You will find many macho types who don't like putting the bar down (oh, I'm so impressed). Probably not this demographic.

I knew I'd looked at this before:
https://www.nsaa.org/media/310500/Lift_Safety_Fact_Sheet_2017.pdf
Knowledge is power.
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 Obviously A snowHead isn't a real person
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philwig wrote:

I knew I'd looked at this before:
https://www.nsaa.org/media/310500/Lift_Safety_Fact_Sheet_2017.pdf
Knowledge is power.


Quite interesting overall, but the level of risk from travelling in elevators in the US is eye-opening.
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Why isn’t anyone suggest car drivers and passengers wear helmets?

Sure, car is a built-in safety cocoon. But laws had been passed to mandate seat belt and air bags. So it’s quite beyond me why helmets are not even encouraged when in a car!

In the mean time, so many are up in arms about safety bars on chair lifts. Why be so risk averse in one area while so cavalier in other?

I have no problem if people want to use safety bars. I just don’t understand why they think it’s such a big deal Puzzled Puzzled
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I ski and mtb with a backpack. Unless you hook it over the backrest (and remember to unhook it at the top, before exit!) that pushes you further forward in the seat. I’d be v uncomfortable riding without the bar down.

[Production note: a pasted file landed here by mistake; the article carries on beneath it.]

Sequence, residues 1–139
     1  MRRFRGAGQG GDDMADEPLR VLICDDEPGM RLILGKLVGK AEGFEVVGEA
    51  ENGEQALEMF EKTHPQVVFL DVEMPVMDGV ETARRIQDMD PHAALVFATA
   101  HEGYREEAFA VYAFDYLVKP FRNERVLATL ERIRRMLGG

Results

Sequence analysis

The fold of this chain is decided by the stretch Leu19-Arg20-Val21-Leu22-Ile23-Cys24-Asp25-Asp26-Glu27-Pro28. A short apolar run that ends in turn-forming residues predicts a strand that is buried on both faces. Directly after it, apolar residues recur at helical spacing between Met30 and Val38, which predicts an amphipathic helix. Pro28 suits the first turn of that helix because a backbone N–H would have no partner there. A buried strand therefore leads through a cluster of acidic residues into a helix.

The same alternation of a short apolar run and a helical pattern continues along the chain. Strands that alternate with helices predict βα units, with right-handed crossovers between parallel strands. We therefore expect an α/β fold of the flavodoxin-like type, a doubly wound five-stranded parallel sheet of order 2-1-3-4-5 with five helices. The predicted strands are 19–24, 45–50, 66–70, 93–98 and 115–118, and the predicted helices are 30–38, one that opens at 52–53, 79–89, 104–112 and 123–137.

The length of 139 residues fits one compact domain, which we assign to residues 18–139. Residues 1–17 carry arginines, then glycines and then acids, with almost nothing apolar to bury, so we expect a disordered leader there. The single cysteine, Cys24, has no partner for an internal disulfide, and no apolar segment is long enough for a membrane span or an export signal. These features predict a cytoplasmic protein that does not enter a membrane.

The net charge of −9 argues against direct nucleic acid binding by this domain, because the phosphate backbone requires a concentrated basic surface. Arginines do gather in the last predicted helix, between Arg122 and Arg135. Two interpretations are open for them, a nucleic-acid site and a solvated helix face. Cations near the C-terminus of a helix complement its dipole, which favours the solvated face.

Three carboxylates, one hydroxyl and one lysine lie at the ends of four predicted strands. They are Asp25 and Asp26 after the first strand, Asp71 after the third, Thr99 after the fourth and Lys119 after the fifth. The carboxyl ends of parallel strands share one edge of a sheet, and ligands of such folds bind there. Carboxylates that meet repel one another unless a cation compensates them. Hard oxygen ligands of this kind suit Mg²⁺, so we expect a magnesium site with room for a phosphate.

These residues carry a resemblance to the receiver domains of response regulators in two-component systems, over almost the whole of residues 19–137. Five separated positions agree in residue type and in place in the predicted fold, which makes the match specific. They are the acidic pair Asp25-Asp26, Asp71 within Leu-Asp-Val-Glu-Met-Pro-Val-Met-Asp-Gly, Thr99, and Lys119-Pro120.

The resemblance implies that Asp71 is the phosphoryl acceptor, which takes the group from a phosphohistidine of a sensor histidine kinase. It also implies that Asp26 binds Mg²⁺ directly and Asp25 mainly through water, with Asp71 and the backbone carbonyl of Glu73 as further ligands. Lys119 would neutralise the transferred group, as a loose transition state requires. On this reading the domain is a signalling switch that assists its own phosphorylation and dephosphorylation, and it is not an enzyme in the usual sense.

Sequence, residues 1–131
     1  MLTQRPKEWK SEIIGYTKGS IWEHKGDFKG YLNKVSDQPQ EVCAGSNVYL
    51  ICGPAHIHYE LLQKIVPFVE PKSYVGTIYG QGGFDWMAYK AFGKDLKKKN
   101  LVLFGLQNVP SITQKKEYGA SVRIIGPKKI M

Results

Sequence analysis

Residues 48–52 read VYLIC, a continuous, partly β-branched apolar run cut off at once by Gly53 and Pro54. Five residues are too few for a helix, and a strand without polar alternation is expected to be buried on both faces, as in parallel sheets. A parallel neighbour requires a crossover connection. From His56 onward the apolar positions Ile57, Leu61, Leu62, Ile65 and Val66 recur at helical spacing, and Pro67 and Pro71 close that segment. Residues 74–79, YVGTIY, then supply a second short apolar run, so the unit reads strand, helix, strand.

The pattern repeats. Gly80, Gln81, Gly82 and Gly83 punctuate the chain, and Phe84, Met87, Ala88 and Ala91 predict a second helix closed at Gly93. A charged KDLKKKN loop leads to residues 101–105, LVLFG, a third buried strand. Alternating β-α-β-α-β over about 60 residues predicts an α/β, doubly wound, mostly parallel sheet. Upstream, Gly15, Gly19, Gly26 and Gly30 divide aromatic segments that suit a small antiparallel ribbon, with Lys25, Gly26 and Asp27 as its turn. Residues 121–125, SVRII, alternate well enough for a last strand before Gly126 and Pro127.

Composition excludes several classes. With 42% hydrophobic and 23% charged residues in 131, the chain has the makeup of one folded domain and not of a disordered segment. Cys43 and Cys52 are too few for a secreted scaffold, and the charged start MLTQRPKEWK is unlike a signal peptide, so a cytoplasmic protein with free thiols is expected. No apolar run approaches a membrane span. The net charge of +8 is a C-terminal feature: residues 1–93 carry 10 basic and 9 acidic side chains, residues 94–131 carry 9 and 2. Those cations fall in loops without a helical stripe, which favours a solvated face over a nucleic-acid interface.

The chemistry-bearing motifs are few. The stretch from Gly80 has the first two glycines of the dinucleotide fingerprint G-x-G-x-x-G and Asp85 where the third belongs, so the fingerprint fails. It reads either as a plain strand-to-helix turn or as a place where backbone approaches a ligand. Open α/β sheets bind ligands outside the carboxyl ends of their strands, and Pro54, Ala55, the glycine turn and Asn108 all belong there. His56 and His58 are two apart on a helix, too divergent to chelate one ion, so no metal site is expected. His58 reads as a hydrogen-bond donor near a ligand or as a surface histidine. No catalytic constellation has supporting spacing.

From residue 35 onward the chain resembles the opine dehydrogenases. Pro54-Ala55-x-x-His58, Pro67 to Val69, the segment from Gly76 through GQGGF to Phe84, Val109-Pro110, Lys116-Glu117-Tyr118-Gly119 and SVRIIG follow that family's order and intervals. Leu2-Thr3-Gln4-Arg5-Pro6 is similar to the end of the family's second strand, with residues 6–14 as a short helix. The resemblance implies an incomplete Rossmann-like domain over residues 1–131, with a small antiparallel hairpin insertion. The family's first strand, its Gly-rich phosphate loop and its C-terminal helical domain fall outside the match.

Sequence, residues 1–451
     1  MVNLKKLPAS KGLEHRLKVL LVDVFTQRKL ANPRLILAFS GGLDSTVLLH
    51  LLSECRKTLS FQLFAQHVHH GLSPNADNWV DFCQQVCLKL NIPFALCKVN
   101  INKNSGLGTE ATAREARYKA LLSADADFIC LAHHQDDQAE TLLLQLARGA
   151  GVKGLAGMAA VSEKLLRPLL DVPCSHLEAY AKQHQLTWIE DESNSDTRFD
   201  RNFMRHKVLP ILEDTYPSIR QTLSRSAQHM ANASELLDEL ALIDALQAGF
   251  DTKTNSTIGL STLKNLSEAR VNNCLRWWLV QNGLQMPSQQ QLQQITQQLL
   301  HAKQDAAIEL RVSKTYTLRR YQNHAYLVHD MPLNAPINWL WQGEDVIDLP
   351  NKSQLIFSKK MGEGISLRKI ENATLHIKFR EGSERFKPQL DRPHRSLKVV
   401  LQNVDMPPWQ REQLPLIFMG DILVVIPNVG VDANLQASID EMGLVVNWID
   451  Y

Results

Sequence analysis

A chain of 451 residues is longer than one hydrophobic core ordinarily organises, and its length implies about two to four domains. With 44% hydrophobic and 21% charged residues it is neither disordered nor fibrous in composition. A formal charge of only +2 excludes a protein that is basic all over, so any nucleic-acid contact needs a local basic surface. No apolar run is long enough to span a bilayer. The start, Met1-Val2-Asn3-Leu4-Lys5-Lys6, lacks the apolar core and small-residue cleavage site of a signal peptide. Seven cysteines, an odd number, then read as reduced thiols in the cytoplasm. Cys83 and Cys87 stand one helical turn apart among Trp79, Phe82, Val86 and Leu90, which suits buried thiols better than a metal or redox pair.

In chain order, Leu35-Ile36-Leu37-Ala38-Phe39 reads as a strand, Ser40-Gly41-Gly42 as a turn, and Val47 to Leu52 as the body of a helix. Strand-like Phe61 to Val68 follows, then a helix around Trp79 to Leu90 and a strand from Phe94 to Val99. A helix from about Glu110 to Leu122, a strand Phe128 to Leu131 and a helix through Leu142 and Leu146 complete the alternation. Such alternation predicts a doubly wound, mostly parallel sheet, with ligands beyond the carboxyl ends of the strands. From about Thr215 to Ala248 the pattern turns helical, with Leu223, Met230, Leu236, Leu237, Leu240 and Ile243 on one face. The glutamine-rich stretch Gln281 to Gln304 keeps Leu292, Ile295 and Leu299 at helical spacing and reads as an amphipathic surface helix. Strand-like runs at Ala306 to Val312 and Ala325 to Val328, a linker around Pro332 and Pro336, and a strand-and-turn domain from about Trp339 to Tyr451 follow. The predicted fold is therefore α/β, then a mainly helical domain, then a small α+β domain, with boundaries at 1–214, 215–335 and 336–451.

Coordination and cooperation of when to pull the bar down on 3-8 pack lifts at recent week in PDS seemed to work perfectly.
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When I used to snowboard (I know...) I had no problem with any lifts, I don't understand what the fuss is about. Clunking equipment is par for the course around lifts, even a chair full of skiers won't keep their skis to themselves. The bar is a must for me, it's there for a reason - a pretty good reason - and I'll pull it down as soon as possible. I'll raise it at the last minute too, as I did when I boarded. You've just got to be on it a bit more with boards and lifts.
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Riding lifts without a bar is no issue to me .
I have a fear of heights yet have no problem on no bar lifts. I said in the other thread due to learning and only skiing in the USA I only first encountered bars in 2011.
I have never felt unsafe , have never fallen off and not had an issue.
I have been wacked on the head more than one by inconsiderate people pulling down the bar seconds after the lift scoops them up and it's bloody annoying and downright rude not to at least look before grabbing the bar

As for a footrest it does not matter if there is one or not and often it's the cause of tangled skis and last minute lift panic
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abc wrote:
Why isn’t anyone suggest car drivers and passengers wear helmets?

Sure, car is a built-in safety cocoon. But laws had been passed to mandate seat belt and air bags. So it’s quite beyond me why helmets are not even encouraged when in a car!

In the mean time, so many are up in arms about safety bars on chair lifts. Why be so risk averse in one area while so cavalier in other?